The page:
National Column: Alberta byelection focused on energy

by Chantal Hebert – Toronto Star

In past Parliaments, the choice of a new MP for the Alberta riding of Medicine Hat-Cardston-Warner on Monday would have been a bit of a non-event.

The seat is a Conservative stronghold. MP Jim Hillyer, who died suddenly earlier this year, won with 69 per cent of the vote in last year’s election.

One has to go back to 1968 and Pierre Trudeau’s first campaign for the last time a Liberal held the seat. The experiment ended four years later and was never repeated.

This seat is definitely not a bellwether riding. But it is located at ground zero of the Conservative war against carbon pricing, in a province that has been road-testing its first-ever NDP government.

The byelection is taking place just as Justin Trudeau has declared his intention to set a national floor price on carbon.

While the result Monday night will not change the dynamics in the House of Commons, each of the main parties has a dog of sorts in this fight.

The New Democrats are not bracing for bad news Monday. That’s because they already know they are going to have a bad night.

As of Friday, there was no heads-up about an imminent byelection vote on the federal party’s website. Beverly Waege, the party’s candidate, came relatively late to the campaign and, by all appearances, whatever national support she is getting is either minimal or extraordinarily discreet.

Waege ran provincially in 2015, but if Premier Rachal Notley has put boots on the ground to support her former candidate, her foot soldiers are treading softly.

More than anything, this byelection has illustrated the dysfunctional nature of the relationship between the federal NDP opposition and Alberta’s New Democrat government.

While Thomas Mulcair and his caucus have been pushing in the Commons for more stringent carbon reduction measures, Notley has made her support for Trudeau’s climate change agenda contingent on the approval of more pipelines to take Alberta’s oil to tidewater.

As a lame duck leader, Mulcair is not in a position to campaign effectively on his party’s behalf. This week, B.C. MP Peter Julian took the first step toward running to succeed him. He withdrew from his role as the party’s House leader. But Julian is not the best ambassador the federal NDP would want to send to Medicine Hat, for he is no friend of pipelines.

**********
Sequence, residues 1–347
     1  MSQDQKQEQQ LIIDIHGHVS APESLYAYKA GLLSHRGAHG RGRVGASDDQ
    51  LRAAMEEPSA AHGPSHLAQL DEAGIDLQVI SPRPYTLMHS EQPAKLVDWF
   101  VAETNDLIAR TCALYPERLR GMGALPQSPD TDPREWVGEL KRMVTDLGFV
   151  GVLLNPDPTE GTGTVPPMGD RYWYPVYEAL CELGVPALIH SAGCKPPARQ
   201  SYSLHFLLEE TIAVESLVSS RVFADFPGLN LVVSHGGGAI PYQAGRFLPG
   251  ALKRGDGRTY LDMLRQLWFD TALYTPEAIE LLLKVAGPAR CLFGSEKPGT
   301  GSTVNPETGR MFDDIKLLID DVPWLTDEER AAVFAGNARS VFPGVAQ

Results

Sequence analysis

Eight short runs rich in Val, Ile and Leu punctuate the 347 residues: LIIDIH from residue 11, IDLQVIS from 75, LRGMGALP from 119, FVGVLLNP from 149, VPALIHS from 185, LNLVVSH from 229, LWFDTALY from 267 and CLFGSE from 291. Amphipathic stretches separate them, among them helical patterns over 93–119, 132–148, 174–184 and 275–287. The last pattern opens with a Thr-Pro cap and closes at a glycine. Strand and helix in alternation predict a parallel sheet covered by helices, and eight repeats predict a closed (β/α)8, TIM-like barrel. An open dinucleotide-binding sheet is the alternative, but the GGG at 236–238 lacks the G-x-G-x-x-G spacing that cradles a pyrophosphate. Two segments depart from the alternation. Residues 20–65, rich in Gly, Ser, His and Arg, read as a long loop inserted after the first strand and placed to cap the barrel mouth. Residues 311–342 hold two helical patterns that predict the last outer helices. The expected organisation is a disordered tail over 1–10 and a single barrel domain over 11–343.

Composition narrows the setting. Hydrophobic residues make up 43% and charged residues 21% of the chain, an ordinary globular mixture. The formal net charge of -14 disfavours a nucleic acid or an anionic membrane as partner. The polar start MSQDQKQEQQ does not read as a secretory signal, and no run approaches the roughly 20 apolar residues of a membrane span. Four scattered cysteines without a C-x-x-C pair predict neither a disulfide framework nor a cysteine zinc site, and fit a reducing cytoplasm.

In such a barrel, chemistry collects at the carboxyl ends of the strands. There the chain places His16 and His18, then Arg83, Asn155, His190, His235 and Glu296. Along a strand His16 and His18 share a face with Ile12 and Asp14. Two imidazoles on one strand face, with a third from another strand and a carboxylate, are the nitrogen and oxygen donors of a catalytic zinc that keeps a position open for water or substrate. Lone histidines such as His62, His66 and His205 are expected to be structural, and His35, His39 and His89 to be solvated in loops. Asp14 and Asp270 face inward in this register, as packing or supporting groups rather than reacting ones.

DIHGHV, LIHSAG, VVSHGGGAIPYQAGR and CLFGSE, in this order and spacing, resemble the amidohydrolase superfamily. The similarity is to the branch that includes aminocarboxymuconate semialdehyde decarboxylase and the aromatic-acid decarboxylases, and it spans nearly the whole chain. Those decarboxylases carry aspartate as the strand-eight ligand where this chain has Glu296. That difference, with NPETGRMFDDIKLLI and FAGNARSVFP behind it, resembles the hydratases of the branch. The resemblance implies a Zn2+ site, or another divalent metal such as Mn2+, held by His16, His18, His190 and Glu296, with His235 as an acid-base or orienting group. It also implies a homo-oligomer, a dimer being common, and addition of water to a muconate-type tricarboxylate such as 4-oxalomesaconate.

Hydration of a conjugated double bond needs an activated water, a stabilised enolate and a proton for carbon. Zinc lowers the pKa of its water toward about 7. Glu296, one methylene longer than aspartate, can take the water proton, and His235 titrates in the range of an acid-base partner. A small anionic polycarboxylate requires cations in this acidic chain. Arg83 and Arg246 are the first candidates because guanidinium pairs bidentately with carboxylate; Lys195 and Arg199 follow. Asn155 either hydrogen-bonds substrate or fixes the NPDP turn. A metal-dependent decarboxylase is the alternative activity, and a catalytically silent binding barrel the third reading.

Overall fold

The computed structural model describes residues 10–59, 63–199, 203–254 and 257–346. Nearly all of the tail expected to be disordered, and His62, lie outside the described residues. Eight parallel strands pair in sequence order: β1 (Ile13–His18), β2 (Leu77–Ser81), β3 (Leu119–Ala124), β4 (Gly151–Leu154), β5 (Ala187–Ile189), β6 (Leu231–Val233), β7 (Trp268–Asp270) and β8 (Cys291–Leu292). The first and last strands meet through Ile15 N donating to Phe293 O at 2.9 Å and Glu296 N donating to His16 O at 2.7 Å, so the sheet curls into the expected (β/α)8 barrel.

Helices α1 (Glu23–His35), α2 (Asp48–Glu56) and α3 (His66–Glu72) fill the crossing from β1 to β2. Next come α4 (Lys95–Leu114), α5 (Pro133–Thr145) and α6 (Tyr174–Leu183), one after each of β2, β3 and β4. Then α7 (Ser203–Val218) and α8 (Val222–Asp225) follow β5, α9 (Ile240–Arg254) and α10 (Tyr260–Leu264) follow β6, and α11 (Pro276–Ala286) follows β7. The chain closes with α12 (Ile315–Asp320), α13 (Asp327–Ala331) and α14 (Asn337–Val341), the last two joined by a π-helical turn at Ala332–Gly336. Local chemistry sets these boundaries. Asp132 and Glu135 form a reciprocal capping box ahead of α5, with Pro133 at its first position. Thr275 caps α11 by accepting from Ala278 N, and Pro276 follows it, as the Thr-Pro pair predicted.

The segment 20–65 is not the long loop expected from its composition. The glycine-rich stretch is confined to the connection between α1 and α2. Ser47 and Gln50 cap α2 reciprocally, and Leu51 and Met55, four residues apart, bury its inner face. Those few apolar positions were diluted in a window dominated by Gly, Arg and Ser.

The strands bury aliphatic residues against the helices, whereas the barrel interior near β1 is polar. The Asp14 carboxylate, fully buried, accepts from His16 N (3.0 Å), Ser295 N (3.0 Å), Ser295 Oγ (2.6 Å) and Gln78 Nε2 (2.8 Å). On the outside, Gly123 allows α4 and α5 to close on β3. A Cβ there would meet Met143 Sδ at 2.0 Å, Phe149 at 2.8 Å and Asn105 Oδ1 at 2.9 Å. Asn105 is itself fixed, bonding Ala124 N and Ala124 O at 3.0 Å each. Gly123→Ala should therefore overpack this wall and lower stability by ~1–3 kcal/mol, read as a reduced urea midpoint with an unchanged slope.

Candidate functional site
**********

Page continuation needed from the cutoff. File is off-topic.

One of the most prominent items on his website is a call to arms against Enbridge’s Northern Gateway project.

The Liberals finished second in Medicine Hat last year, almost doubling their 2011 score. To put that in perspective, they were still 50 points behind the Conservatives. In theory, they are campaigning in the face of an even stronger headwind this fall.

Polls report that two-thirds of Albertans are against Trudeau’s carbon pricing plan and, at the provincial level, the Conservatives are enjoying a revival in voting intentions. The Prairies is the only region in the country where the federal Liberals do not hold a lead on the competition.

But that did not stop Trudeau from drawing a big crowd on a stop to the riding last week. His visit was the highlight of the campaign.

Depending on who you ask, at least 1,000 people and as many as double that number showed up to see the first prime minister to set foot in the riding since Kim Campbell in the mid-1990s. Only a handful of them were there to protest the carbon tax.

The upside of having a political rock star as leader is that a party never needs to fear failing to fill a hall. The downside is that it is not a given that curiosity translates into votes.

If only by proxy, carbon pricing is on Monday’s byelection ballot.

The Liberals will take any uptick in support as a gift. This is a riding populated by some of the harshest critics of their climate-change approach.

By comparison, the Conservatives, who declared an all-out war on carbon pricing at both the Alberta and the federal level, are essentially preaching to the converted.

They can only hope for a big victory since, to continue to win ridings like Medicine Hat on those terms in the future, they may have to sacrifice candidates in a lot of other ridings.

Chantal Hebert is a national affairs writer.
Her column appears Tuesday, Thursday and Saturday.

Copyright: 2016-Torstar Syndication Services

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